Saturday, January 9, 2010

Snow Unhappy

After appreciating the beautiful, picturesque (yet very brown) landscape of California, it was nice to return home to the lush green of the East Coast. Springtime Philadelphia left me in awe, and I found myself noticing the incredible and historic local architecture in a way I had never before. Previously I HATED the North East for its pollution and overpopulation, but gradually I developed an appreciation for my city and the opportunity to re-experience it as an adult. Summer was HOT, and to a summer baby, I enjoyed every day.

But then the season changed.  It was cool (ok) initially, but only for a New York minute. Very soon my grumbling evolved in a outward disdain for the cold, winter, this dreary city, and most recently...the snow.

The first snowfall began on a Saturday.  Truthfully, it was one of the most beautiful moments to see the pure white snow fall so delicately and abundantly.  23 inches.  But like a needle pushed across a record, my nostalgia was interrupted at 8pm by 1 word. My father: "We need to go out and shovel before that turns to ice."  I know, that was 12 words, but my problem was the "We".  Whiskey Tango Foxtrot, was he serious?  I've purposely purchased property so I DIDN'T have to worry about trifles such as mowing and shoveling.  I haven't pushed a shovel since my teens.  Was he SERIOUS?  Yes. Tragedy.

So I pull out my insulated rubber boots I still had from Inauguration and threw on my brothers old ski coat and went out to brave the cold looking like an overdressed sumo wrestler.  We were the only ones initially, soon joined by our Indian neighbor who just moved from Florida and never managed snow.  Luckily the snow was powder so after an hour or so we cleared our driveways and front walkway and helped our elderly neighbor do the same.  Needless to say I was warm and stayed dry, so it wasn't too bad...until the next morning.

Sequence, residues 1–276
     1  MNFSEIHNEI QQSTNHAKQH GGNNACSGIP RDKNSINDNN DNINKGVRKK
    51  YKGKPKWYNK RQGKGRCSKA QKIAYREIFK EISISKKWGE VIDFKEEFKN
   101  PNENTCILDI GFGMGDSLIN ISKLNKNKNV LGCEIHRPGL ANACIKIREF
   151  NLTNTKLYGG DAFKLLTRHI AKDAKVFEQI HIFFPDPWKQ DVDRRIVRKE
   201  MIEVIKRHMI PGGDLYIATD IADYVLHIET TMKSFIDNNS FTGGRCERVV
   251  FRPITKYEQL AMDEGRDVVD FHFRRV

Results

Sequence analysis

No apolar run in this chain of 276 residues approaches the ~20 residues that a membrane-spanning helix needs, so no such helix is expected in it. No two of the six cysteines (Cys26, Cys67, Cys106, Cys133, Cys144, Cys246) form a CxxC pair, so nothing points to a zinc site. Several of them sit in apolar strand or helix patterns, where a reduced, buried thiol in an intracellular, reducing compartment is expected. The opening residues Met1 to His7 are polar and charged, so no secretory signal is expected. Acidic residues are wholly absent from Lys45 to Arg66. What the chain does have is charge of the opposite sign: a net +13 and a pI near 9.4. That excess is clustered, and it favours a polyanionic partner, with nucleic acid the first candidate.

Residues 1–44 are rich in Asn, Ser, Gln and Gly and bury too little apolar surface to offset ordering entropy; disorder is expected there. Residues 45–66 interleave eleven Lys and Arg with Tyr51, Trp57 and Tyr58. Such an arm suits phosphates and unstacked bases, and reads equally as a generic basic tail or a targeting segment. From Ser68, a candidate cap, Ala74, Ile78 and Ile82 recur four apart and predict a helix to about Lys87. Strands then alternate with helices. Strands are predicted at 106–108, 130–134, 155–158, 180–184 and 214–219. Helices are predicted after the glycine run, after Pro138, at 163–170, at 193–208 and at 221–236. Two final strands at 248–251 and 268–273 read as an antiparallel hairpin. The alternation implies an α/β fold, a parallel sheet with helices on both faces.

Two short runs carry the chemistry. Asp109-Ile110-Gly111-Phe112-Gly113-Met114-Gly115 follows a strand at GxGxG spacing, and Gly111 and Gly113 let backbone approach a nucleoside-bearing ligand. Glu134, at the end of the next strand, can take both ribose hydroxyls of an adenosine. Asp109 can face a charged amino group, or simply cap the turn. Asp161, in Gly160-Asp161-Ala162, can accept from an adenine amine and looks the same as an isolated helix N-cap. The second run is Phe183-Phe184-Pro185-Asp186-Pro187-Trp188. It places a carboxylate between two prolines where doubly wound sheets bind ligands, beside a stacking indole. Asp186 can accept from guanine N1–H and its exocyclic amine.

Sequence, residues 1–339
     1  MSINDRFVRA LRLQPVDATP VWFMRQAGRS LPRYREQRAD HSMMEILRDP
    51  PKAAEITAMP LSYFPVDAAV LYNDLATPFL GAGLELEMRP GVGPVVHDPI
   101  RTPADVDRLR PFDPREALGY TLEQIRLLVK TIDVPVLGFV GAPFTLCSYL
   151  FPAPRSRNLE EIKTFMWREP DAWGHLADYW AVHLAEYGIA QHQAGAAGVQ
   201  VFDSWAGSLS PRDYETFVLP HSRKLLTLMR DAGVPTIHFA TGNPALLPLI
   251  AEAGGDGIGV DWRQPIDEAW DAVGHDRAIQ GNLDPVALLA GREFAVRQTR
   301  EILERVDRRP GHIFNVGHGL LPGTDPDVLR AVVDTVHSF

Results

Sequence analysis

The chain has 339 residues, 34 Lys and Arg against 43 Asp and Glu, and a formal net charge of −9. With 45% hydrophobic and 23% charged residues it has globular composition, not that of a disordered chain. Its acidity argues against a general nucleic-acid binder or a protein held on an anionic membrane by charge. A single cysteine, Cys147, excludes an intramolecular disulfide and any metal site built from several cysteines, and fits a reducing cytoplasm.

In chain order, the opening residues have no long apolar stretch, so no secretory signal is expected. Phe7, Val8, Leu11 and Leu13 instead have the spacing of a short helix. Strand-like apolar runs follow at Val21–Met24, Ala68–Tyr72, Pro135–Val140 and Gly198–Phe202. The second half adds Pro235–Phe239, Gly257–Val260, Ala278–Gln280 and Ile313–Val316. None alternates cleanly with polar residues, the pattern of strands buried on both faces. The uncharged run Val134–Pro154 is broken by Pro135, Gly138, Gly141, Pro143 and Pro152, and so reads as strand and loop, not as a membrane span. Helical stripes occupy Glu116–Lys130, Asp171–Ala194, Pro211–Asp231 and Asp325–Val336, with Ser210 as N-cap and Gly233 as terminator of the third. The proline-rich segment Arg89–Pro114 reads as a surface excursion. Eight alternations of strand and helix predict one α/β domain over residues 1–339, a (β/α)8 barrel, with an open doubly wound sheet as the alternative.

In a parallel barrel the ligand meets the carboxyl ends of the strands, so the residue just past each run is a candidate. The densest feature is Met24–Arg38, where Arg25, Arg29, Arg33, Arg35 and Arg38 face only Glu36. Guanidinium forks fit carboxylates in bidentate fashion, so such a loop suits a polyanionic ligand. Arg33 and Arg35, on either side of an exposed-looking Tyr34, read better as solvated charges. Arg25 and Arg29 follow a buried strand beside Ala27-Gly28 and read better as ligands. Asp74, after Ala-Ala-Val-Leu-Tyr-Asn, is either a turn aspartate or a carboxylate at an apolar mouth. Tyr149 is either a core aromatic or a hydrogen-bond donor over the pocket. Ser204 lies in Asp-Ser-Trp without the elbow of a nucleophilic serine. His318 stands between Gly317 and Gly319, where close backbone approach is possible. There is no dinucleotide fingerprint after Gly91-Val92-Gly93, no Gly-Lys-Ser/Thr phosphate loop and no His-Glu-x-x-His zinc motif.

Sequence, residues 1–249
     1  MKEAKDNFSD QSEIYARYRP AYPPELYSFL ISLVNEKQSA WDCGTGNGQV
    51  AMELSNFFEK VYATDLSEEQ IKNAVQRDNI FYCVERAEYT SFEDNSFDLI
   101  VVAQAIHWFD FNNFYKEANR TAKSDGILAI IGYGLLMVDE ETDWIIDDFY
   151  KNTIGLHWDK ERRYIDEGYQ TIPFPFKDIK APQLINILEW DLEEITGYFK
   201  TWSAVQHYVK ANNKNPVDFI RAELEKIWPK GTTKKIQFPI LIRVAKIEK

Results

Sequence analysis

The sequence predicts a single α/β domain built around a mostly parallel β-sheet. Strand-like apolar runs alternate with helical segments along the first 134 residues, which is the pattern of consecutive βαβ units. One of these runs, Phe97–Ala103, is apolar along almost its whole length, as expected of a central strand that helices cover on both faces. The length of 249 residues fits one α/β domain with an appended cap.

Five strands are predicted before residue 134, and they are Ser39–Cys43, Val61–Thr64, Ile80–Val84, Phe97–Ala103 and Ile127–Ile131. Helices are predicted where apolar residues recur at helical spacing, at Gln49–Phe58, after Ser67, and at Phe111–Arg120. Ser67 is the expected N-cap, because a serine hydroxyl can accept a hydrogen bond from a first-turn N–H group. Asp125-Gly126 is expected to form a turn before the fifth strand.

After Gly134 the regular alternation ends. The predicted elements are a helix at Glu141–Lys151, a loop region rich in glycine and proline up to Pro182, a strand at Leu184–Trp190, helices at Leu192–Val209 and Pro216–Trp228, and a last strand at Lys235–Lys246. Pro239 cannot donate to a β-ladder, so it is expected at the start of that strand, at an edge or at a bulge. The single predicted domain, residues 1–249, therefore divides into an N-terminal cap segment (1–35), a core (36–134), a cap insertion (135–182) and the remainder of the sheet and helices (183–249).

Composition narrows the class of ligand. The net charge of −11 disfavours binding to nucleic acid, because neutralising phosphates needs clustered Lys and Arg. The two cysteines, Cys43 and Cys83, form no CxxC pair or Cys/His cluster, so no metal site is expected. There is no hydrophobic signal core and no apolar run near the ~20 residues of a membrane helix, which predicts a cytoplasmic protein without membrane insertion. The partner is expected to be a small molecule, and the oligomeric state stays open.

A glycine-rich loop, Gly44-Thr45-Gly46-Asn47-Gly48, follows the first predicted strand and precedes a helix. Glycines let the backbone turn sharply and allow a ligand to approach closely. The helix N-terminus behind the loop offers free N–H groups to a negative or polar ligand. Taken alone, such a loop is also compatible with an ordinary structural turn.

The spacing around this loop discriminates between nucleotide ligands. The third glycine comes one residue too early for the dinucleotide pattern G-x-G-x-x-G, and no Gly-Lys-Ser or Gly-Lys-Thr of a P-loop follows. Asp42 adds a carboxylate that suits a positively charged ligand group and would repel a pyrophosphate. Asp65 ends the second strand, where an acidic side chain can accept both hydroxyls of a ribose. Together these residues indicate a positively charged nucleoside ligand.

Sunday, 10 am: "Come on, we need to get out there again" he says.  I looked around trying to figure out who he was talking to then pull the covers back over my head.  It can't be me. He heads out without me and I peek outside to see the few extra inches that accumulated overnight.  He can handle that without me (I think to myself).  I hear all the neighbors talking and working together and soon the rumbling of a snow blower.  I'm saved!!  Knowing my dad he'll borrow the snow blower and be done with it. 3 hours later he comes back inside.  Not unusual because he's like the Mayor...talking, waving, taking pictures and kissing I knew "shoveling" was really "social hour".  But anyway, he comes back in and I'm reading a book.

"I was waiting for you" he says. "Really? I heard you go out and then heard the snow blower and thought you didn't need me" I reply, kinda feeling guilty. "No, I needed you" (no he didn't) "Everyone else was out there with their children" (ok, it's all starting to make sense). "I need you to help out."  I reply "But Dad, I was out there with you last night, I did help."  At this point I'm thinking "Give me a break.  I'm a young lady! MEN are supposed to do these things, anyway." Ok, that was a diva thought, but seriously, isn't there someone we can pay to do that kind of manual labor?!? Sheesh!

"I need to be able to show you certain things so you know how to do them."  I choked. Is he kidding?  I'm almost 30, and we lived in CHICAGO!  It's not that I don't know HOW to shovel, I don't WANT to shovel.  He can't possibly think THIS is a skill 1) I don't have 2) need to develop. But I've been guilted.  Needless to say, if it snows again the streets of Philadelphia will be seeing the return of the overdressed sumo wrestler (smh in disgust).  But dearest Philadelphia, and dear God, right now I'm only asking for two things: 1) DON'T let it snow anymore 2) PLEASE make sure this time next year I'm living someplace where snow boots, shovels and rock salt are all distant memories.  Ameen.

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